Since the Great Depression, there have been 17 significant recessions and crises. In the period between 1970 to 2011 there were 147 banking crises, 217 currency crises and 67 sovereign debt crises. The point is that capitalism lives in and with problems, and that these problems have accelerated in frequency over time.

Capitalism is competitive. It’s what drives it. It must expand in order to maintain profit. It has no alternative. This becomes both a problem and a necessity, especially when considered against the potential that always exists for the general rate of profit to fall. This tendency is a terrifying one for capital. The troubled period of the early 1970s was a pivotal moment for capitalism. To avoid the theory of a fall in the rate of profit from becoming a devastating reality, there was a rush to globalise economic relations and to integrate economies.

Government policies shifted to accommodate the needs of a greatly changed economic reality. Individual capitalist giants and transnational corporations left home for more lucrative, greener pastures. States were left to fight for political survival. The world economy and global state system were faced with a truly existential moment. The state, in order to secure the future of the economy, will do whatever it takes, including creating enemies where none exist. Ideology can be taken up, dropped, and then picked up, dusted off and re-badged. Where once China was an enemy and later an economic partner, it is once more an ideological foe, a socialist regime, hell-bent on spreading a pernicious form of Chinese socialism and crushing the rights of all under foot.

Nationalism’s return

Ideology can motivate interstate rivalry but only when there are competing ideas at play. China’s evolution from quasi-socialist regime to a powerful capitalist economy shows that there are more fundamental issues at hand. The rivalry here is simply about economic interests, economic control, and the power of US imperialism.

Capitalism has reached a critical moment. Forward movement has slowed, and real economic recovery is an impossible dream. While globalised economic relations continue, there has been a return to the idea of nationalism and economic nationalism. Trade war politics are common and populist political ideas and practices have swept countries and continents.

Nationalism and bad economic times go together. Nationalism, in the period of capitalism’s ‘golden age’ from the end of World War II until the economic crisis of the 1970s was not an issue. Today we are drowning in a sea of nationalist symbols and symbolism. Former US President Donald Trump sought to make America ‘great’ again. Current US president Joe Biden, even before his inauguration, let the world know that America was ‘back’. Russian president Vladimir Putin resurrects Stalinist symbols. China’s president Xi Jinping appears in simple, if elegantly tailored Mao suits. Smaller powers are no different.

A clash of the titans 

As the COVID-19 pandemic began to wreak devastation upon the globe, so too did the debt crisis all but consume the global economy. In 2020, global debt rose to $277 trillion. Incidentally, total global GDP is $142 trillion! Such is the health or otherwise of the world economy. At the same time China’s economy, although hit by the same crisis, grew at a greater rate than comparable economies and especially the US.

Given the global crisis of capitalism, it might be logical to assume that Chinese growth would be met with something like enthusiasm. It boosts global output and makes a flattened world economy look a little less frightening. There was no applause from the US because its own economic figures were considerably less impressive. As China’s economic power is enhanced, then so too is the US adamant that it will not be surpassed. China, after all, has been designated to be a threat. In an economic sense the threat is real.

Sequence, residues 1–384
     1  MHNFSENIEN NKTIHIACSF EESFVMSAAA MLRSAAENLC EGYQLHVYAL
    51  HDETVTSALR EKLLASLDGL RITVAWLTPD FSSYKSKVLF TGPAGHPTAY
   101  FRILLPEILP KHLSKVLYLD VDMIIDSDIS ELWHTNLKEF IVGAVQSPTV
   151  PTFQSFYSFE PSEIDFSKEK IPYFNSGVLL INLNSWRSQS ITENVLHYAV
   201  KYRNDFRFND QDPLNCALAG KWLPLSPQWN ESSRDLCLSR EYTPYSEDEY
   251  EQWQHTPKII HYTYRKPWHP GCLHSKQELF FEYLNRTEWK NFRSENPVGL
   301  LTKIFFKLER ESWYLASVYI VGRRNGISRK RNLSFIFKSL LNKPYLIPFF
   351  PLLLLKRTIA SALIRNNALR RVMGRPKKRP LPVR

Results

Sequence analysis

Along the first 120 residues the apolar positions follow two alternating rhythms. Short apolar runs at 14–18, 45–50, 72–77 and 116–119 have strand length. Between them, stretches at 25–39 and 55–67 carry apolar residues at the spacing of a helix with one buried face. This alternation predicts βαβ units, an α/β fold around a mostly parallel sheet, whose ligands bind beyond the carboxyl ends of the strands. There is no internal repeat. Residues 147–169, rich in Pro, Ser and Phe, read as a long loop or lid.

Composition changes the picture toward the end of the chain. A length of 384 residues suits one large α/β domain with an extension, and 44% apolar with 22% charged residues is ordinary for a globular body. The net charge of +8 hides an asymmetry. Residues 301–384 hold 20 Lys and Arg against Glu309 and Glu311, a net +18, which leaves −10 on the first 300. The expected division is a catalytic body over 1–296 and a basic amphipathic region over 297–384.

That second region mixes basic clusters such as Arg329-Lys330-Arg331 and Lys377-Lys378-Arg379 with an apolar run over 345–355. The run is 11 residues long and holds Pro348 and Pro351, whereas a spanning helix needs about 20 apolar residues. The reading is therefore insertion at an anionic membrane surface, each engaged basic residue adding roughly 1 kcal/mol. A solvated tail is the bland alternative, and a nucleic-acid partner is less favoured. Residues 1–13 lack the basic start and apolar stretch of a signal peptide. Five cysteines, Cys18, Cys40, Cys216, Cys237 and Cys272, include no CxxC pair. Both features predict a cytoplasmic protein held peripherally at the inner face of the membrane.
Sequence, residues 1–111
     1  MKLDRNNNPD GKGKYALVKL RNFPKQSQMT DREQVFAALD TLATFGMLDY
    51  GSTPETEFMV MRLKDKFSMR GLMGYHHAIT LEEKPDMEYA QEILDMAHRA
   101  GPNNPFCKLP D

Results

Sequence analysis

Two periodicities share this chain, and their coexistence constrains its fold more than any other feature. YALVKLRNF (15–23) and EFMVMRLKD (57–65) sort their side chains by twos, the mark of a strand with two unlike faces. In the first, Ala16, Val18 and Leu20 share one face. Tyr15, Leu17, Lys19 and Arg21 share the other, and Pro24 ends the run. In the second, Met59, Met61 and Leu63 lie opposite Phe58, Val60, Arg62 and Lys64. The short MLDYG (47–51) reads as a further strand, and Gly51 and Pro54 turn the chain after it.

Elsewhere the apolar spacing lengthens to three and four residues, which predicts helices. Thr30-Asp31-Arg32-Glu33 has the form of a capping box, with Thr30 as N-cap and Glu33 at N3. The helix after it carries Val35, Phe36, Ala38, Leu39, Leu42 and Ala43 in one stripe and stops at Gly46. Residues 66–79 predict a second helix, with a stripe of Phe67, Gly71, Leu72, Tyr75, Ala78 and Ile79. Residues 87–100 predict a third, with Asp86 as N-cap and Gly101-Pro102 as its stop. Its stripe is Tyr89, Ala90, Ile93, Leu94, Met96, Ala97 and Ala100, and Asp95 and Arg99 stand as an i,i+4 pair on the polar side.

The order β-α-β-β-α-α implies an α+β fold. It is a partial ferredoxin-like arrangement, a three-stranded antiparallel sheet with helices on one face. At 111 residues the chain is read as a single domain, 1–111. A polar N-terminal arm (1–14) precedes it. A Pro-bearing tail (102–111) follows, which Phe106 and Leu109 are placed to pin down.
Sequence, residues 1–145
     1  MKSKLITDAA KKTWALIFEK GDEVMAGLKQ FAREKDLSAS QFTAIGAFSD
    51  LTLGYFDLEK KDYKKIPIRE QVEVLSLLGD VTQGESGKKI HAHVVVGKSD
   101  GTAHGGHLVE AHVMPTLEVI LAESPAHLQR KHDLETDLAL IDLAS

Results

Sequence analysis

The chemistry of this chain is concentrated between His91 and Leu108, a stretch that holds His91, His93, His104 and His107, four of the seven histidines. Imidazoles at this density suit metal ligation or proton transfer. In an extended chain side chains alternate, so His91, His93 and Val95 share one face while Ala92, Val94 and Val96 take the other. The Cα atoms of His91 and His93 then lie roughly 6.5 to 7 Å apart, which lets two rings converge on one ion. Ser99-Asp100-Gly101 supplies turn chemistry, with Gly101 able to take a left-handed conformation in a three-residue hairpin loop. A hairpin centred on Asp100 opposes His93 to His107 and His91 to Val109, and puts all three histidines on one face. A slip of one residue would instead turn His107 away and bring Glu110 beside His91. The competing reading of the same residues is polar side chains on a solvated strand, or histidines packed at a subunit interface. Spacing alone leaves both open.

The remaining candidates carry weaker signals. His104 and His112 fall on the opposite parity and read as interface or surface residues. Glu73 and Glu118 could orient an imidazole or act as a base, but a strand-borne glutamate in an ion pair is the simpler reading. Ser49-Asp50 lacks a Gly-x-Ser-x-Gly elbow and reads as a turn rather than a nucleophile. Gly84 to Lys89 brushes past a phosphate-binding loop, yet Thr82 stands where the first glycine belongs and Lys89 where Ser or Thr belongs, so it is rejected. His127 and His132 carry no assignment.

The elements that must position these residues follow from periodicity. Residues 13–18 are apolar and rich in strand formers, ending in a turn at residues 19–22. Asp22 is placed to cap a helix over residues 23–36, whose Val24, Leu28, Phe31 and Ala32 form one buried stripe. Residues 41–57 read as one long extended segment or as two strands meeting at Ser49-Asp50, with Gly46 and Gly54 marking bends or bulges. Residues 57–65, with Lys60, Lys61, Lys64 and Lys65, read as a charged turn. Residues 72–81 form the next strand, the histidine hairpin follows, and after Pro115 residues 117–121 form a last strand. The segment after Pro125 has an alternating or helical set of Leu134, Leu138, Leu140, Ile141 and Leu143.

The importance of the economy in guiding political responses is obvious when observing US behaviour towards China. The US approach to China since 1949 was haphazard. The logic of the Cold War invited a hostile response but was followed by a period of relative neglect. More interest was shown from the beginning of the 1970s as foe became friend. Engagement turned to containment as China’s rise became significant. There are now signs of another policy shift; from containment to ‘roll-back.’

China, too, has shifted policy in the years since 1949. After the Korean War, China retreated into a nationalist version of ‘socialism’. The Chinese paid little attention to the West, apart from propaganda proclamations that sat easily with Cold War ideology, but by the 1970s it was time to come in from the cold. The economy grew and engagement with the West was on top of the agenda. Today some of the richest people on the planet not only live in China but carry a party card in their wallets. The top 400 richest Chinese saw their collective wealth grow from $1.29 trillion to $2.11 trillion, in 2020. Twelve Chinese companies made it onto the Forbes 500 list in 2001. By 2011 a Chinese company had risen to number three on that same list. Chinese firms now occupy five of the top ten spots.

The myth that the deteriorating relationship between China and the United States is based on an ideological struggle is just that; a myth. It is a useful lie that has been used to good effect. Economic necessity, for the United States and its allies, determines what will or will not constitute political reality. Engagement with China, alongside China’s desire for economic change, led to the growth of an economy that now seriously rivals that of the United States. This, for the US, is an intolerable situation and yet there is an inevitability that flows from such actions.

What is clear is that there are two competing powers. One is rising and the other falling. It is impossible to imagine that the US, whose star is fading, is about to quietly pack up its bags and pass the baton of world dominance to its rival and herein lies the real threat to us all.

William Briggs is the author of China, the USA and Capitalism's Last Crusade — When survival is all that matters